I feel broken. That level of brokenness varies, but there’s always some part of it there. Chances are, we all feel that way deep down at times. If you deny that about yourself, I would think one of two things. Either you’re not honest with yourself, or you’re trying to put up a false front.
I wouldn’t say that I’m a huge Beetles fan, but I really do like some of their songs. One of my favorites of theirs is Eleanor Rigby. I was first drawn to it because it’s one of those songs that fits well with my voice. However, there is a line of that song that has stuck with me since I was in high school.
“Waits at the window, wearing the face that she keeps in a jar by the door.”
How powerful, and how true that is of so many of us. We feel like we have an emptiness, a brokenness that comes from within our very soul. It’s that feeling that can give us an overwhelming sense of loneliness while surrounded by a hoard of people. Yet we want to put on this face that hides the way we really feel. Why do we do that? Are we afraid that others will think we are weak? Are we afraid that others will look down on us? I think it has more to do with the fact that we think we are the only one.
In John Maxwell’s book Developing the Leader Within You, one of the chapters focuses on the character of a leader and the essentiality of being authentic. You can’t lead others if they don’t see the real you. Sometimes that means dropping the act and letting others see of glimpse of our brokenness. That may sound like a bad quality to you, but listen to an excerpt that he included on page 60 of the book, a passage from the blogger Rosalina Chai:
“Mosaic is at once intricate yet majestic. And it is precisely its brokenness that lends mosaic its perception of fragile beauty…And isn’t this true too of our humanity?…What is it about brokenness that we find so offensive?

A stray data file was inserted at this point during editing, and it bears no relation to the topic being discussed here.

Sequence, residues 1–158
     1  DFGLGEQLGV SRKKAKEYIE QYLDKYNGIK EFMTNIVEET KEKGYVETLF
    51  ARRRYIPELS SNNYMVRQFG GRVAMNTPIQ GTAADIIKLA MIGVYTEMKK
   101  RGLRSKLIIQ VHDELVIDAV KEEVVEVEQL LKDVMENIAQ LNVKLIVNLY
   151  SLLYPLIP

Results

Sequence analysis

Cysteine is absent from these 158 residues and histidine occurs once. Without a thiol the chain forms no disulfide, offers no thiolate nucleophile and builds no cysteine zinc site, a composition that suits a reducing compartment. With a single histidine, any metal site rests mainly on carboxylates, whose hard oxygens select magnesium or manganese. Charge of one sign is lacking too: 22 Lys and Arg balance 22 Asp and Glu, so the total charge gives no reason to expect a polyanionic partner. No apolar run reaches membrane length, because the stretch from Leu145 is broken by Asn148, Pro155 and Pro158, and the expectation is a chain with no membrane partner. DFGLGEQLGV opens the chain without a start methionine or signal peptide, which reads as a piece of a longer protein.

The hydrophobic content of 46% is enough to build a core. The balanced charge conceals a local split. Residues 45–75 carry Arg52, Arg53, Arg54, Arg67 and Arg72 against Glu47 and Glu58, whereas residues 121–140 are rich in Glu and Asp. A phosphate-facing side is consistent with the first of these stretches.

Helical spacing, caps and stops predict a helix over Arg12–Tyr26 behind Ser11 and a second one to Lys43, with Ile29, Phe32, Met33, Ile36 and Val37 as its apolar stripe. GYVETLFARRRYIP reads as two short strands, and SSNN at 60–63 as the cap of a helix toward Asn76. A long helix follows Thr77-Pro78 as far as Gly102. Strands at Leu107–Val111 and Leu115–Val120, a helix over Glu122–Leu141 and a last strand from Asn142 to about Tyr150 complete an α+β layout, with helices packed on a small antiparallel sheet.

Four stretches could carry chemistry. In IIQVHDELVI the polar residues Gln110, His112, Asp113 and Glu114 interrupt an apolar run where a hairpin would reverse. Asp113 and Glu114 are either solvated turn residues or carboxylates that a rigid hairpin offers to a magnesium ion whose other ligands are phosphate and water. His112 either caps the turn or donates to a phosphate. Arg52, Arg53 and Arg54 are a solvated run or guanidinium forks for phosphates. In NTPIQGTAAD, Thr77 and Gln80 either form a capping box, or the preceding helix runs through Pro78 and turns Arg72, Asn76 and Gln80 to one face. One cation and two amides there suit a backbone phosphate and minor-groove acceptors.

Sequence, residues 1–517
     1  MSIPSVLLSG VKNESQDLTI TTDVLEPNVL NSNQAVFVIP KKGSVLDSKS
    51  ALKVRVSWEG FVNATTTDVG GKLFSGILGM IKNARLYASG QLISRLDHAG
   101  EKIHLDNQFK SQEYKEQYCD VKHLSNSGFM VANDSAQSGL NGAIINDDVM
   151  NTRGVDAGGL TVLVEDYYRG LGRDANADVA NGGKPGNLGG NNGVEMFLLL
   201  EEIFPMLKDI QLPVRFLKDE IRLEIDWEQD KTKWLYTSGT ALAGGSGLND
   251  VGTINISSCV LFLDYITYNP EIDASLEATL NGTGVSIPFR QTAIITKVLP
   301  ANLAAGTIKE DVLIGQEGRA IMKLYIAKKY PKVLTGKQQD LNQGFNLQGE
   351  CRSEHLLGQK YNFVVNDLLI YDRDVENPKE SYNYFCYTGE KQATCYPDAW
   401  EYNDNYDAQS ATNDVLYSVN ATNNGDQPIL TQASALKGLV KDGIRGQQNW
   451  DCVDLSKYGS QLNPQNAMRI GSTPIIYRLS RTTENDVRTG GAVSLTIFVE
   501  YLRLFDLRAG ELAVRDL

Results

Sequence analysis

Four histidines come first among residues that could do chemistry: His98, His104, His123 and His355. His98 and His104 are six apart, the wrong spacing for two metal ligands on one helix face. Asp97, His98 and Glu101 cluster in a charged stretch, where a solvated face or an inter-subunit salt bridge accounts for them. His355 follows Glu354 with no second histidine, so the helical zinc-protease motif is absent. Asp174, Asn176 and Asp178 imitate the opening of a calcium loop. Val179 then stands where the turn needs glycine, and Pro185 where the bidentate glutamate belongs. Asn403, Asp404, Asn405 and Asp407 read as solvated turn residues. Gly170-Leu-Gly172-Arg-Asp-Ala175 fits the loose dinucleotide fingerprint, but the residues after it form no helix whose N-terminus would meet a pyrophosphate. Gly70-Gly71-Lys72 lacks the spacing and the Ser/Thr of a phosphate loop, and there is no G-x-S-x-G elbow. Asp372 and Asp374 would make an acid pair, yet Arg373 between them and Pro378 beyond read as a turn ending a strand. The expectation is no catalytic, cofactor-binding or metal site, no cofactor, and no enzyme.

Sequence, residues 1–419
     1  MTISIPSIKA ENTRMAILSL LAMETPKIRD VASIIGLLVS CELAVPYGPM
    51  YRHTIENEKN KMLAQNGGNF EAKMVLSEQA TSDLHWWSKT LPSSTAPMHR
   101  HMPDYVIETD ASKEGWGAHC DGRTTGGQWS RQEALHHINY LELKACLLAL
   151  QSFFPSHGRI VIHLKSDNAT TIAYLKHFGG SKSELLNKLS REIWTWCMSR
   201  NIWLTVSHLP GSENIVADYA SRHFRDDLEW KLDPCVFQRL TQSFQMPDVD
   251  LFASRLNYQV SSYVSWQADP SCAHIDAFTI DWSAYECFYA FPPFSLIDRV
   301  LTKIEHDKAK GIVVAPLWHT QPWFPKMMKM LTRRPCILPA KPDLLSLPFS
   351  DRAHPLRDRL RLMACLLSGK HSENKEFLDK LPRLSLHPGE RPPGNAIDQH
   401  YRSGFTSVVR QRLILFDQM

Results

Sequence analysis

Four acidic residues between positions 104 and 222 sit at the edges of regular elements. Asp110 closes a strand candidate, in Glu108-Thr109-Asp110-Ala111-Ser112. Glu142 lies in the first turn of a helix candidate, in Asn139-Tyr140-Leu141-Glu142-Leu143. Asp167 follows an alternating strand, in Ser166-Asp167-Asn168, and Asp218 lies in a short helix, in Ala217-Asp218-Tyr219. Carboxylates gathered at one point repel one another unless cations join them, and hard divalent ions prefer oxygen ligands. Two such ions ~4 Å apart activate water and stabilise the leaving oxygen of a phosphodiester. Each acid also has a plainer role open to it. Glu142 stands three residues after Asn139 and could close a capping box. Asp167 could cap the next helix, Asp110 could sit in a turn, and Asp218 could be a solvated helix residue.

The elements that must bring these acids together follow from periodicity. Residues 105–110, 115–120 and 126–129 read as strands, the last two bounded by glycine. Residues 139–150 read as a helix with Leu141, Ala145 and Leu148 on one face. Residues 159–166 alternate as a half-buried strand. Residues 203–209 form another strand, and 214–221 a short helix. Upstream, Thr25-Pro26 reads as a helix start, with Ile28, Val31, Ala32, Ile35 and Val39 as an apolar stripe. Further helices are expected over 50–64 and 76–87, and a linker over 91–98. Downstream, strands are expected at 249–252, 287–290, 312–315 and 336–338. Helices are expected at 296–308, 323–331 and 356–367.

What would happen when we accept and embrace that being broken is an essential part of humanity’s be-ing? What would happen when we cease to label brokenness as bad? What would it take for us to cease labeling brokenness as bad? I can imagine one certainty…more peace.
Accepting and embracing brokenness is not the same as using another’s brokenness to feel better about ourselves. Rather, it is an acknowledgment of our common humanity. When I accept my own brokenness, and do not judge myself harshly because of it, I find myself capable of more compassion towards others regardless of whether I am aware of the form of brokenness they’ve experienced.”
The Holy Spirit left us with a plethora of passages that speak about the brokenness of mankind and how God reacts to it. Take these as examples:
“When the righteous cry for help, the Lord hears and delivers them out of all their troubles. The Lord is near to the brokenhearted and saves the crushed in spirit.” [Psalm 34:17-18]
“He heals the brokenhearted and binds up their wounds.” [Psalm 147:3]
“But he said to me, ‘My grace is sufficient for you, for my power is made perfect in weakness.’ Therefore I will boast all the more gladly of my weaknesses, so that the power of Christ may rest upon me. For the sake of Christ, then, I am content with weaknesses, insults, hardships, persecutions, and calamities. For when I am weak, then I am strong.” [II Corinthians 12:9-10]
God does not look down on us due to our brokenness. On the contrary. He longs to comfort us as His children. He also wants us to care for and comfort each other (Galatians 6:2). We can’t do that unless we are willing to allow others a glimpse into the mosaic of ourselves that we try to keep hidden. Only when we allow others to see that in us will we be able to accept the fact that it exists in everyone, at which point we can begin to comfort and encourage others in the way that God expects.